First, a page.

The AACI Clinical Research Initiative Steering Committee has selected three abstracts from the 33 considered for judging at the 8th Annual AACI CRI Meeting, July 20-21, in Chicago. The winning abstract authors represent Cleveland Clinic Taussig Cancer Institute, The Cleveland Clinic Foundation, Huntsman Cancer Institute, University of Utah and the University of Michigan Comprehensive Cancer Center. more...

Register Today for the 2016 AACI/CCAF Annual Meeting
Registration for the 2016 AACI/CCAF Annual Meeting is underway, and we encourage you to register and reserve your hotel room today to take advantage of currents rates and availability.

The meeting will bring together AACI cancer center leaders-directors and executive-level administrators-with representatives from national cancer research and advocacy organizations, industry, and government health agencies. No other program presents information on cancer research and patient care issues as they pertain to academic cancer centers and fosters discussion of common challenges and opportunities and current practices to address them. more...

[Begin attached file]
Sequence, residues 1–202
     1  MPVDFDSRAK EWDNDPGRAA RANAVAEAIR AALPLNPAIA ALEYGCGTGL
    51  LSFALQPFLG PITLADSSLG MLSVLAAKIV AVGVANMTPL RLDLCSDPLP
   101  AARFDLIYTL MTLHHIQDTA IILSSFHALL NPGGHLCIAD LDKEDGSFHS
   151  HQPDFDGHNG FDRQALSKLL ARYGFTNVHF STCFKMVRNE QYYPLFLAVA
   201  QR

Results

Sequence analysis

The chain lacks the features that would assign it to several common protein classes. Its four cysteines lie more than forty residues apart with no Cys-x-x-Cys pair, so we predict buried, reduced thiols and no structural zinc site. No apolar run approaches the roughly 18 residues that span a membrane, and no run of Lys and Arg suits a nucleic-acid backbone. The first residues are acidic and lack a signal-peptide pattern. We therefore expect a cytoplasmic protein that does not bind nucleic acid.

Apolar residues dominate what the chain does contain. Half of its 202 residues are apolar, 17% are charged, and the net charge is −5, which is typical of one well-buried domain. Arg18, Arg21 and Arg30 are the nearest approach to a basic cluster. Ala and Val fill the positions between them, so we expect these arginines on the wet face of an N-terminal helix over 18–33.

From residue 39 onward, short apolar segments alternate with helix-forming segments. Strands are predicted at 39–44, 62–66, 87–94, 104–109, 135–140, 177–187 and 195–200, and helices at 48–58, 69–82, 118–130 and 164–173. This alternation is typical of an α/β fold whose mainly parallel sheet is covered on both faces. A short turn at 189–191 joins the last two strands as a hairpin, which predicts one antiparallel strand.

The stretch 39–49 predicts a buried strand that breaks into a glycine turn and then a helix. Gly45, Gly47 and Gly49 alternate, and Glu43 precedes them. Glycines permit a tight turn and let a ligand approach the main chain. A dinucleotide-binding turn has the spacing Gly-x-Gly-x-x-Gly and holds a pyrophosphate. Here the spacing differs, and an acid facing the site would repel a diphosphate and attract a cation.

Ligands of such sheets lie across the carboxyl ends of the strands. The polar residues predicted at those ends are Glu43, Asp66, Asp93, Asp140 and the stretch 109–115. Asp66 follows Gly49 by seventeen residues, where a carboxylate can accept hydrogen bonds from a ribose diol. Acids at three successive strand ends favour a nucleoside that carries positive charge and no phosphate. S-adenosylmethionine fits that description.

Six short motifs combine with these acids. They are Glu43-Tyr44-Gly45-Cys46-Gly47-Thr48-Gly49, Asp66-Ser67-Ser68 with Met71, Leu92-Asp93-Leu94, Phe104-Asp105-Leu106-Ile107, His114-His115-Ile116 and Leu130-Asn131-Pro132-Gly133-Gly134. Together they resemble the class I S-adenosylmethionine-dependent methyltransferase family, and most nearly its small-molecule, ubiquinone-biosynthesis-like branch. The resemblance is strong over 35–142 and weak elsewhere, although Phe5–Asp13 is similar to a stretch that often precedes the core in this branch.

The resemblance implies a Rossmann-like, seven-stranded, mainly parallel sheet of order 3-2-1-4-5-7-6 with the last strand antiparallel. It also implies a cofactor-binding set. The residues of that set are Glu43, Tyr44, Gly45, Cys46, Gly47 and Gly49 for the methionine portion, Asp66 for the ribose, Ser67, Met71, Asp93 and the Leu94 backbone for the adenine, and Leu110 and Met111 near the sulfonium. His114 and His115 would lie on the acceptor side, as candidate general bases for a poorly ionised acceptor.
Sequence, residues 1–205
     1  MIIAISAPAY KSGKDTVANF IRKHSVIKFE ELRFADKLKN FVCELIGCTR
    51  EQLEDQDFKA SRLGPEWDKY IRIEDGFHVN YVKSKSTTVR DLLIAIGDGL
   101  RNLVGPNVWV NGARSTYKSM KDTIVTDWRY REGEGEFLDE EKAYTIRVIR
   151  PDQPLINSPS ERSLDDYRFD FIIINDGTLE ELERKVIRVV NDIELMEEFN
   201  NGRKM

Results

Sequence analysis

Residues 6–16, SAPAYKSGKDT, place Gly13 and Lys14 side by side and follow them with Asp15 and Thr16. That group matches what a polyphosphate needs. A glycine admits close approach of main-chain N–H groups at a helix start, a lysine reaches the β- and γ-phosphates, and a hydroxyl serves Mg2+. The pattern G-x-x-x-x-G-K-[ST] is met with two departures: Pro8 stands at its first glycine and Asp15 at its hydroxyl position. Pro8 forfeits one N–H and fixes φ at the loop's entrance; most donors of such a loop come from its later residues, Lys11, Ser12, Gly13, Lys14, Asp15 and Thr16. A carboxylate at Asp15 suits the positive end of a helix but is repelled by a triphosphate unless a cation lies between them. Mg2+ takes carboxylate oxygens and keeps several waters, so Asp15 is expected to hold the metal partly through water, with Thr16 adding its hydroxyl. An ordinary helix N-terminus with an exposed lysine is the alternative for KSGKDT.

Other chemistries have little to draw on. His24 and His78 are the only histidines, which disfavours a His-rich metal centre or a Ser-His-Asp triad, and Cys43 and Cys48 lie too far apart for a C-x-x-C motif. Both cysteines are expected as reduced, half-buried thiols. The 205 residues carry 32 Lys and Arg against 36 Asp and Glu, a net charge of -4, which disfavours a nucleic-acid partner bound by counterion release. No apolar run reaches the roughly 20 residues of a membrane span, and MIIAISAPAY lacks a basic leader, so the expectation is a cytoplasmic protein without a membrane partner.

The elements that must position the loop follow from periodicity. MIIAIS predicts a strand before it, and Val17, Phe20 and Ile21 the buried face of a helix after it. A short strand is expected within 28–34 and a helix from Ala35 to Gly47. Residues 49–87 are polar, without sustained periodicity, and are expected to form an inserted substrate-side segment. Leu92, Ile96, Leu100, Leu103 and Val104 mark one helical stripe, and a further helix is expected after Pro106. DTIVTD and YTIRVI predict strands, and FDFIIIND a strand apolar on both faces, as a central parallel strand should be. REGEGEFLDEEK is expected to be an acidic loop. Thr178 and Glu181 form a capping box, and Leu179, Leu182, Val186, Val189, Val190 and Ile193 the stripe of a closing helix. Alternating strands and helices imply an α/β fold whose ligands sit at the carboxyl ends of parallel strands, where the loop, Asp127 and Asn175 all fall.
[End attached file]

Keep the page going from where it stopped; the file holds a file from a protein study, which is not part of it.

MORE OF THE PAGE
AACI Physician Clinical Leadership Initiative Will Meet Sunday, October 23
In response to rapid changes in healthcare delivery and the expectation to "do more with less", AACI has created a forum for physician leaders responsible for overseeing clinical operations at cancer centers. This forum aims to be a resource for creating "best practices" to assist physician leaders in addressing challenges like clinical services reimbursement, quality care and patient satisfaction, integrating electronic medical records with other cancer center information technology, assimilating clinical research and clinical programs to increase trial accrual and developing performance metrics. More information about the AACI Physician Clinical Leadership Initiative can be found at aaci-cancer.org/pcli.asp.